Venue

Campus Center

Major

Nursing

Abstract

Heat regulation of a newborn is one of the most critical needs for survival. Fetal temperature before birth is dependent on the mother. As soon as the neonate is delivered, he/she has to thermoregulate.Thermoregulation is the ability to maintain a normal core body temperature by balancing the amount of heat lost and the amount of heat produced by the body (Lowdermilk, Perry, Cashion, & Alden, 2016). If the neonate is unable to thermoregulate, he/she will soon become hypothermic and if not corrected will progress to cold stress where “anaerobic glycolysis occurs, resulting in increased production of acid”, leading to metabolic acidosis and hypoglycemia. (Lowdermilk, Perry, Cashion, & Alden, 2016). Unless action is taken, the baby may die. Immediate skin to skin contact following birth is known to have many benefits. Skin to skin contact, is defined by Centers for Disease Control (2018) as, “placing newborns skin-to-skin with their mothers immediately after birth, with no bedding or clothing between them.” The purpose of this Evidence Based Practice Brief is to evaluate the efficacy of immediate skin to skin care in preventing hypothermia in low birth weight infants compared to those who do not receive such treatment. The results of this brief will provide nurses who work with neonates the best evidence for their practice at preventing hypothermia in low birth weight infants.

Start Date

25-4-2019 2:45 PM

End Date

25-4-2019 3:45 PM

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Apr 25th, 2:45 PM Apr 25th, 3:45 PM

Baby It's Cold Outside: Effectiveness of Skin to Skin in Preventing Hypothermia in Low Birth Weight Infants

Campus Center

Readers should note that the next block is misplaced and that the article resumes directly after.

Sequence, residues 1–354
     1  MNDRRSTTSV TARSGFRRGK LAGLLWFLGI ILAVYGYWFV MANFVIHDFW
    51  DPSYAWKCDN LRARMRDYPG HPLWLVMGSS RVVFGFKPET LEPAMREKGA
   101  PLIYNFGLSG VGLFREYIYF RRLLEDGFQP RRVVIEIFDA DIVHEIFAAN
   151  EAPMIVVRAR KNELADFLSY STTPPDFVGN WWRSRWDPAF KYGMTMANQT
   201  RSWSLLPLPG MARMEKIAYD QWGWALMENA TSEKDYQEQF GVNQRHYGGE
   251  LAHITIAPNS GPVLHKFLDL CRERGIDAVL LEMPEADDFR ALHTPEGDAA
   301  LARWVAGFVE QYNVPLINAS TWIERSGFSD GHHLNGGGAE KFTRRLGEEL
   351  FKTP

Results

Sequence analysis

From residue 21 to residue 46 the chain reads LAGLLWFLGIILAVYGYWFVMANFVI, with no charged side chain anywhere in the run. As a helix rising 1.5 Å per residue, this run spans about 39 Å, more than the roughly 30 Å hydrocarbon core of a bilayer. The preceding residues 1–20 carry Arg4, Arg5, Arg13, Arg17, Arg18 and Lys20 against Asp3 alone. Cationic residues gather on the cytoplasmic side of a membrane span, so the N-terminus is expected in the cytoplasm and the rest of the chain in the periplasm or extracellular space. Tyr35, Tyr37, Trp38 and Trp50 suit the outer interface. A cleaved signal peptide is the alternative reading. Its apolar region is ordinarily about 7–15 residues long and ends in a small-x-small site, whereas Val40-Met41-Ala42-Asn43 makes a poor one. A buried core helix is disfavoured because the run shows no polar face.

Heat regulation of a newborn is one of the most critical needs for survival. Fetal temperature before birth is dependent on the mother. As soon as the neonate is delivered, he/she has to thermoregulate.Thermoregulation is the ability to maintain a normal core body temperature by balancing the amount of heat lost and the amount of heat produced by the body (Lowdermilk, Perry, Cashion, & Alden, 2016). If the neonate is unable to thermoregulate, he/she will soon become hypothermic and if not corrected will progress to cold stress where “anaerobic glycolysis occurs, resulting in increased production of acid”, leading to metabolic acidosis and hypoglycemia. (Lowdermilk, Perry, Cashion, & Alden, 2016). Unless action is taken, the baby may die. Immediate skin to skin contact following birth is known to have many benefits. Skin to skin contact, is defined by Centers for Disease Control (2018) as, “placing newborns skin-to-skin with their mothers immediately after birth, with no bedding or clothing between them.” The purpose of this Evidence Based Practice Brief is to evaluate the efficacy of immediate skin to skin care in preventing hypothermia in low birth weight infants compared to those who do not receive such treatment. The results of this brief will provide nurses who work with neonates the best evidence for their practice at preventing hypothermia in low birth weight infants.